I don't know if this also holds for oral indomethacin, but the IV indomethacin used at the hospital where I work has been discontinued by one drug company and picked up by another one. The average wholesale price of our drug has gone from $100 (approximately) per vial to over $1100. If this is the case for the oral medication as well, the pharmacy may be holding out to find a less expensive product.
posted by makonan at 6:50 PM on May 10, 2006

Response by poster: caddis: for osteoarthritis certainly. My particular disorder? There's only a few families in the world that have it; it's an Arg519Cys point mutation in COL2A1. It doesn't have a name. It's characterized as "a type-II collagenopathy resulting in precocious osteoarthritis and mild spondyloepiphyseal dysplasia". None of that probably means anything to you, I just like writing it out because up until recently we didn't know anything at all and we just vaguely referred to is as "the disease".
posted by Ethereal Bligh at 6:55 PM on May 10, 2006

Response by poster: makonan: that's a bit scary. I'm self-paying.
posted by Ethereal Bligh at 6:55 PM on May 10, 2006

pharm tech in texas: what strength?
the 50mg was backordered by our preferred manufacturer (Ivax) several months ago, but we've had no problem obtaining it lately, and the 100mg has never been an issue.
what pharmacy are you going to? walgreens has their own distributor...if they're unable to stock it, check at the smaller "mom and pop" pharmacies in town (ahem. do this anyway if you're insured. seriously. chains blow.) if nothing else, they could have stock on the shelves from before the shortage.
posted by ktrey at 8:35 PM on May 10, 2006

just checked with AmerisourceBergen (huge southern pharmaceutical distributor) and apparently all strengths but the 75mg ER are "alternate ship", but not back ordered or out of stock. talk to your doctor about indocin suspension if you're really hard up. it's still available, but is potentially astronomically expensive.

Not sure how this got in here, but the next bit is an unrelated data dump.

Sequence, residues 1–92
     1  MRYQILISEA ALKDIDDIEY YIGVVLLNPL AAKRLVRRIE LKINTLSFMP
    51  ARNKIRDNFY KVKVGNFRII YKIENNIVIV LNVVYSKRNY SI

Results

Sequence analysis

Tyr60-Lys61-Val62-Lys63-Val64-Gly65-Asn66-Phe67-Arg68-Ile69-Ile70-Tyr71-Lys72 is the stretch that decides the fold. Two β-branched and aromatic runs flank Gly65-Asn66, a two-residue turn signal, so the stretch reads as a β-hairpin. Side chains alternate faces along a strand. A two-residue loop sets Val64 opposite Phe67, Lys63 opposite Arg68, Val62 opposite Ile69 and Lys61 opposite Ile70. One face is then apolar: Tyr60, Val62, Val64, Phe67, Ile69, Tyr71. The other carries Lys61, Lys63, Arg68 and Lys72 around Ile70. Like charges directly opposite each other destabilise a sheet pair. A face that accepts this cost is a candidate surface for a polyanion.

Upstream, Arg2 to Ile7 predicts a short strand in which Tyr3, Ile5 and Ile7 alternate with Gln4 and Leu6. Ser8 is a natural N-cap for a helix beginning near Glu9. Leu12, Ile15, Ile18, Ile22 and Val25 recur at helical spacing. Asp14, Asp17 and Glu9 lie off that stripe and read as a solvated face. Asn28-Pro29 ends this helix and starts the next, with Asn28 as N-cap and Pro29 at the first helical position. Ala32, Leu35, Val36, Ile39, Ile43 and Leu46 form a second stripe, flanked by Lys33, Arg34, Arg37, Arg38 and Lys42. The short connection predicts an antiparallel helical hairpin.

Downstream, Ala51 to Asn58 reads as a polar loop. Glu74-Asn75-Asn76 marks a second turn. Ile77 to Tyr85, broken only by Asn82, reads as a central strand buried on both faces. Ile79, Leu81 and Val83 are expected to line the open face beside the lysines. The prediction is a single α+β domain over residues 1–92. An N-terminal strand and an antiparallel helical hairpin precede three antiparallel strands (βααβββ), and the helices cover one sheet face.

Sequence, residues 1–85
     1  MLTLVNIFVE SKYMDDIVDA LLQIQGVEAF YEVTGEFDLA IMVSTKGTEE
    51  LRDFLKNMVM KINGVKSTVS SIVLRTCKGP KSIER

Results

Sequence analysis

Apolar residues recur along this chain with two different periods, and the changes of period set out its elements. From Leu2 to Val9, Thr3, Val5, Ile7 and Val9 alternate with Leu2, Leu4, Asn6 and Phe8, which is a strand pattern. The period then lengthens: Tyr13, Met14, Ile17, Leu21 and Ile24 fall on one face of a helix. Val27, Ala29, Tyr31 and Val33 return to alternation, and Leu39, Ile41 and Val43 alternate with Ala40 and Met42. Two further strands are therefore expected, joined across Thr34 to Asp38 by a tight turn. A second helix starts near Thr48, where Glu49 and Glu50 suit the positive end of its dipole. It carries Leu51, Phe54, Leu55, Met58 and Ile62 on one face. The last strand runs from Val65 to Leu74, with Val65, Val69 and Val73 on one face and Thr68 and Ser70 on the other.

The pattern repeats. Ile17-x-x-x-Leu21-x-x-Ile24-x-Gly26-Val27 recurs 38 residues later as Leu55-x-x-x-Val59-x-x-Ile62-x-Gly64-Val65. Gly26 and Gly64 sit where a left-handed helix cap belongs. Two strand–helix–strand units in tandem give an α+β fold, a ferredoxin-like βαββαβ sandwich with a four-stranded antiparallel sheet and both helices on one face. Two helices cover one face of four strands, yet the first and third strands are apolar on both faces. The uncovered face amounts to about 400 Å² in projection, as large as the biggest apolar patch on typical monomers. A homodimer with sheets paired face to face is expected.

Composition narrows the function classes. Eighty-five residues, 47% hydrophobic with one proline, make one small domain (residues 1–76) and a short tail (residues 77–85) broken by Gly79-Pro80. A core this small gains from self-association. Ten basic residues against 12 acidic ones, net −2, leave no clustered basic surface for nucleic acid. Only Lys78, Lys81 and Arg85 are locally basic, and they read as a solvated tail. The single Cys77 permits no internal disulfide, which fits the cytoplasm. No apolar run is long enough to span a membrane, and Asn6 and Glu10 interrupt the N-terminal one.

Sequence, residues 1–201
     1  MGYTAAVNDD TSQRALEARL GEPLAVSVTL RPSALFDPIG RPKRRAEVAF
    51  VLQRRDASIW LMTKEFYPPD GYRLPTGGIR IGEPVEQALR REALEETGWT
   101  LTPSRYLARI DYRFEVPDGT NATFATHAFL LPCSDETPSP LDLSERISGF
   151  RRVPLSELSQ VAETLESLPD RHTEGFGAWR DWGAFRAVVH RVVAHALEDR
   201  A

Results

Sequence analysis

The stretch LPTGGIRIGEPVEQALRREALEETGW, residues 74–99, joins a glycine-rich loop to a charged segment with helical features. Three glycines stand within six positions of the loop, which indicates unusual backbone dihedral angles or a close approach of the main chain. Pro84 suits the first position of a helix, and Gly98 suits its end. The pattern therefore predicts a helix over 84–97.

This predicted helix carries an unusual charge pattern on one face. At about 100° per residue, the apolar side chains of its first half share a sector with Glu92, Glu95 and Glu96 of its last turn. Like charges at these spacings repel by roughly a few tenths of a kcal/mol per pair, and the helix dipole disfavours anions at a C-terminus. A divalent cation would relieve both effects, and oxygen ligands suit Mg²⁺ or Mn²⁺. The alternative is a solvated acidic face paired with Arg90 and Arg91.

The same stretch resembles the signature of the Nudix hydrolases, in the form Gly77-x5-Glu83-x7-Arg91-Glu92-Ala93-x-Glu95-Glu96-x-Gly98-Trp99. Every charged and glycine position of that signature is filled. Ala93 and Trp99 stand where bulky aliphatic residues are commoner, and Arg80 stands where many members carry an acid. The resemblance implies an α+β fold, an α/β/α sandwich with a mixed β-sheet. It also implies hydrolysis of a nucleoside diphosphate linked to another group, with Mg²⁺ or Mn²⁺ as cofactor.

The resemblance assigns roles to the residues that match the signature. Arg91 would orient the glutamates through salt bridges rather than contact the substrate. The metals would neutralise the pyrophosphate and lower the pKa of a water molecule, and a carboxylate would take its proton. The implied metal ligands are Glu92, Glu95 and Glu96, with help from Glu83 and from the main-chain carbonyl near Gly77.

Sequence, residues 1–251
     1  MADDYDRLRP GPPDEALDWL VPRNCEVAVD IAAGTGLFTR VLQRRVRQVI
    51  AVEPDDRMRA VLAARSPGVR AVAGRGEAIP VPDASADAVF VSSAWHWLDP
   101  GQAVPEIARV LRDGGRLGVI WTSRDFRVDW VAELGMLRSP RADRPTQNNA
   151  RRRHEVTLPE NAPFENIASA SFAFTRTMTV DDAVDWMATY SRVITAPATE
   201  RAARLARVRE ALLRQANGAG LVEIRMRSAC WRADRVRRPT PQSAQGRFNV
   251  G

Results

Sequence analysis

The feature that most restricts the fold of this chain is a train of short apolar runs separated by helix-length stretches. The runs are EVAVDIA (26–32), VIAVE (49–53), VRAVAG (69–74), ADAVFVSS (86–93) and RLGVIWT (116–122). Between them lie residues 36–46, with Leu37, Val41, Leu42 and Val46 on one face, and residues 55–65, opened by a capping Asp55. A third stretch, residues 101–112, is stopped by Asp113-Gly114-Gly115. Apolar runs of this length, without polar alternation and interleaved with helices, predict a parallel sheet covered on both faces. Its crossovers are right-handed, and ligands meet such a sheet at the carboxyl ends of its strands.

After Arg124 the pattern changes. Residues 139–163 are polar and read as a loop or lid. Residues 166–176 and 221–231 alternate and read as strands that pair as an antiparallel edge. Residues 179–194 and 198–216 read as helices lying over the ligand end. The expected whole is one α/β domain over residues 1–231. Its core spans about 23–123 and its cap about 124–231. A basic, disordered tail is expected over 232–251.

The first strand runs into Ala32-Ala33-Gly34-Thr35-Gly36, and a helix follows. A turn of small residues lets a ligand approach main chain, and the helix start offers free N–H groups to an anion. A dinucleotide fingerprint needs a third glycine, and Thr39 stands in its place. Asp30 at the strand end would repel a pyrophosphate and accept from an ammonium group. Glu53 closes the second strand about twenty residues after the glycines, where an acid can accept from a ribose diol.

posted by ktrey at 8:44 PM on May 10, 2006

ASHP's Drug Shortages Resource Center is a very reliable source for finding out about the availability of a drug. The front page lists drug shortages and drugs with limited availability. On the left side there are links to pages that list shortages that have been resolved and products no longer available. Because indomethacin isn't listed here, it is likely that you are having trouble finding it because of a problem with a particular distributor rather than the drug itself or the manufacturer.
posted by mokujin at 3:33 AM on May 11, 2006

Hey, EB, are you part of this family?
posted by nprigoda at 7:35 AM on May 11, 2006

Response by poster: I'm not sure—I'll read the article and see if I can figure it out. This is prior to Dr. Bleasel's work who isolated our Arg519Cys mutation; maybe she cites this article. Maybe you can tell. I know that this is us, along with at least five or six other papers with Bleasel as the lead author. I'd like to have that article; I've only read the abstract. Anything anyone with access can find out—Bleasel was kind enough to write us once she finished her main research with us. But otherwise, no one's every told us much of anything. It's sort of weird. We see orthopedics who do the repair work but otherwise don't care about its etiology, rheumatologists who care a little bit but who mostly just provide pain management. Prior to Bleasel, we were told that it's "like or related to either MED or SED" and basically nothing else. It was me who tracked down Bleasel and asked her what she knew. She was happy that I wrote to her and she mentioned how familiar our names were to us...she'd spent years of research on us. Anyway, she's the person who told me what I say above.

I found some new stuff about this mutation when I was searching yesterday; most notable was the research with transgenic gene with mice using the Arg509Cys that showed our disease in the mice. It looks to me like potentially a big deal because of all the varieties of type-II collagenopathies, ours is the phenotype that shows the least amount of dysplasias (most of the others are dwarfism, blindness, even early mortality) and mostly just precocious osteoarthritis. So it's a good way to look at congenital osteoarthritis and they've gotten some mice to show exactly that.
posted by Ethereal Bligh at 11:46 AM on May 11, 2006

EB, I've sent an e-mail to the address in your profile. I hope I found the right paper, but if not, let me know.
posted by nprigoda at 7:01 AM on May 12, 2006